The Coogee Bay Hotel bar in Australia is among a growing number of bars and pubs in the country scanning fingerprints and taking digital photographs of its customers as they enter the bar in an effort to keep those out who have been known to incite fights or other bad behavior, according to a Sydney Morning Herald article.
Despite the bars putting its noble intentions out as the reasoning behind the systems, many feel that a lack of checks and balances and regulation of such systems constitutes potential privacy breach.
While some are calling for the bars to stop using such technology, others such as the Biometrics Institute of Australia are calling for changes to the country’s Privacy Act to include privacy impact assessments and audits for such systems.
Even without alterations to the privacy act, however, some of the bars may already be in breach of it simply by using the biometrics provider ID Tect for their biometric system wherein the company pledges to share a list of troublemakers with all its users, an act that would be illegal under the privacy act without making the individual in question aware first.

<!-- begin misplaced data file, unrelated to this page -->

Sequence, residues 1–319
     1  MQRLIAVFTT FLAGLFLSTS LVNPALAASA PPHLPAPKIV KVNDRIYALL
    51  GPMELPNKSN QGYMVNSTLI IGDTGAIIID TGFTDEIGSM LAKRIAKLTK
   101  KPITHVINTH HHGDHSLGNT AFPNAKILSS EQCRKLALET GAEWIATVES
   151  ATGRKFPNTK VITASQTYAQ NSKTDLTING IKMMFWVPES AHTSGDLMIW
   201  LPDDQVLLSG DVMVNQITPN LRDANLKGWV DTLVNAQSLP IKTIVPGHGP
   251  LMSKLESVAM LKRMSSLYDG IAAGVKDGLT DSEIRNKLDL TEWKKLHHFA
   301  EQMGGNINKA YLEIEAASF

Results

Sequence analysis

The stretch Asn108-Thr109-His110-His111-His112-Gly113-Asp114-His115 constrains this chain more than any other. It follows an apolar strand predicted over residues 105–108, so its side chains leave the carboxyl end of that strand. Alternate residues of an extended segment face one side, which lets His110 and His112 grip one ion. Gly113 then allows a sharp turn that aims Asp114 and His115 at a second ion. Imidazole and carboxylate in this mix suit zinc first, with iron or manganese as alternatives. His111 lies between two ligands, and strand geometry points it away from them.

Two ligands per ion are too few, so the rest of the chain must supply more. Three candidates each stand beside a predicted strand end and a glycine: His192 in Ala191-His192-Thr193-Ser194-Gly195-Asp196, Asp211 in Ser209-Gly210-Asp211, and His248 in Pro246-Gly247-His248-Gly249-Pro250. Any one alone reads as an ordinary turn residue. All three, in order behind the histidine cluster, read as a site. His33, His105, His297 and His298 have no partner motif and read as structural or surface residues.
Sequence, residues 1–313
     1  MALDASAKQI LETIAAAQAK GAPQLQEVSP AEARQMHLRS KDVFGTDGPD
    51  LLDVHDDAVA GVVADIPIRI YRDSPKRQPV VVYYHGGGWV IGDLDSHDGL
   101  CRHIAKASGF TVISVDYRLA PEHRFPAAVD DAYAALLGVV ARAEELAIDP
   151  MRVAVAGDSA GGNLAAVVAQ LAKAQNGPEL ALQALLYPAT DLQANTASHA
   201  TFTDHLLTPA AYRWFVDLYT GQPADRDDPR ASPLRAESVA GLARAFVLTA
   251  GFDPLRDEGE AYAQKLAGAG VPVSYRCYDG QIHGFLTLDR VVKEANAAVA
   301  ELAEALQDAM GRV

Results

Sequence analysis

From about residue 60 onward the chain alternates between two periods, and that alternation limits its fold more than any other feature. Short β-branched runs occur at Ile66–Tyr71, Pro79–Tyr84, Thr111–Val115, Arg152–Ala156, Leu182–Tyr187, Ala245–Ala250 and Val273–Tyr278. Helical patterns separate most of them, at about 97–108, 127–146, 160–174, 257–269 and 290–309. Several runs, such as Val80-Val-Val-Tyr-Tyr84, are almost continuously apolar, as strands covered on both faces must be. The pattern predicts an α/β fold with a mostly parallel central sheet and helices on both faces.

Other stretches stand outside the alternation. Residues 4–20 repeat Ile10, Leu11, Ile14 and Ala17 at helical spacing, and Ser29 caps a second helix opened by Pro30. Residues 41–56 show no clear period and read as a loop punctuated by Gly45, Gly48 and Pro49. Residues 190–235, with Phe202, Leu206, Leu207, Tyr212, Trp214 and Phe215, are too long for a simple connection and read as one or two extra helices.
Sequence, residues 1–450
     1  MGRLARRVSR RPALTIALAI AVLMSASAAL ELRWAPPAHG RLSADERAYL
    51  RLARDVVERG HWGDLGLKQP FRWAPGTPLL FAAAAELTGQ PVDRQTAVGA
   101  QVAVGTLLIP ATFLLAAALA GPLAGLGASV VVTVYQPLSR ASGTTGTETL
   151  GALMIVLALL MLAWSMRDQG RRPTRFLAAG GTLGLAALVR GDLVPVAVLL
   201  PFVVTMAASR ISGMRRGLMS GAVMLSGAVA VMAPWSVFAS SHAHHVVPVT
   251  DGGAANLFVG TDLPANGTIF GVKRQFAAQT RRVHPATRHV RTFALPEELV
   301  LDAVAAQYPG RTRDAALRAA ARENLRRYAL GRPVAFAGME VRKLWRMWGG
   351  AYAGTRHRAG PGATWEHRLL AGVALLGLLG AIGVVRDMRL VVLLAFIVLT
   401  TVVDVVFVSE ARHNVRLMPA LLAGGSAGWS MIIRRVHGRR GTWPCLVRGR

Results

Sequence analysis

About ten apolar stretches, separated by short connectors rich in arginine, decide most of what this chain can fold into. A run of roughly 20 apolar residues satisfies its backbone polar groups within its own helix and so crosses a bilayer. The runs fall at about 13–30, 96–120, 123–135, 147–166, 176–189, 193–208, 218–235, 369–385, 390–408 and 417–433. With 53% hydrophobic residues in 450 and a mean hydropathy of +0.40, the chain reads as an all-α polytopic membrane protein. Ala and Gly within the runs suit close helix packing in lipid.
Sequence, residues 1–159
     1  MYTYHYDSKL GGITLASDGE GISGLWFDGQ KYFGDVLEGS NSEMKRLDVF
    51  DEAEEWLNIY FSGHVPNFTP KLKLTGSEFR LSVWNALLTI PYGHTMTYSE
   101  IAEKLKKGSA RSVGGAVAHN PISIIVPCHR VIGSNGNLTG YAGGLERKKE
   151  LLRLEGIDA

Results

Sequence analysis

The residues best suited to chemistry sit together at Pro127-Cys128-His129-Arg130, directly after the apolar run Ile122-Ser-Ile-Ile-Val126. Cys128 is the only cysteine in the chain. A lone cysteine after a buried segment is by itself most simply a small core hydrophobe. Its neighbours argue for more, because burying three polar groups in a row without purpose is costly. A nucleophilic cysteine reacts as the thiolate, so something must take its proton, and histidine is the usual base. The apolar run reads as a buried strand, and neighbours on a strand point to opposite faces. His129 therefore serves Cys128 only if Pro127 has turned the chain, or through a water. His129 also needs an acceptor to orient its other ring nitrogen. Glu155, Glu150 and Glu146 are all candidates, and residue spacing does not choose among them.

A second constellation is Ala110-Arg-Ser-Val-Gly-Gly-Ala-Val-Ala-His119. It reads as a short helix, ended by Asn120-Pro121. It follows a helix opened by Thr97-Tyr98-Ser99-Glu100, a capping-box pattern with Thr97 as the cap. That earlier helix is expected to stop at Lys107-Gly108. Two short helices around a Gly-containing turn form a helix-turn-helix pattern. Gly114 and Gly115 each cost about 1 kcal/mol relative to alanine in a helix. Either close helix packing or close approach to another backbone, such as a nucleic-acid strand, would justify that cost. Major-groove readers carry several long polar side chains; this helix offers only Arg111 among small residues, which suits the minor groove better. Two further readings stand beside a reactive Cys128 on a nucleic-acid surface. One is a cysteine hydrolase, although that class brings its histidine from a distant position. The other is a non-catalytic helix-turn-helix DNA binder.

While many also fear that such an unregulated system could be open to attack by hackers looking to steal biometric data, the system does not store any actual fingerprints, but templates, mathematical representation of ones created by an algorithm that is only kept in the database for 28 days.
While many are shocked by the patrons’ willingness to share their personal details, most have reported that they deal with it simply because they want to just get in to see their friends.
Read the full story here.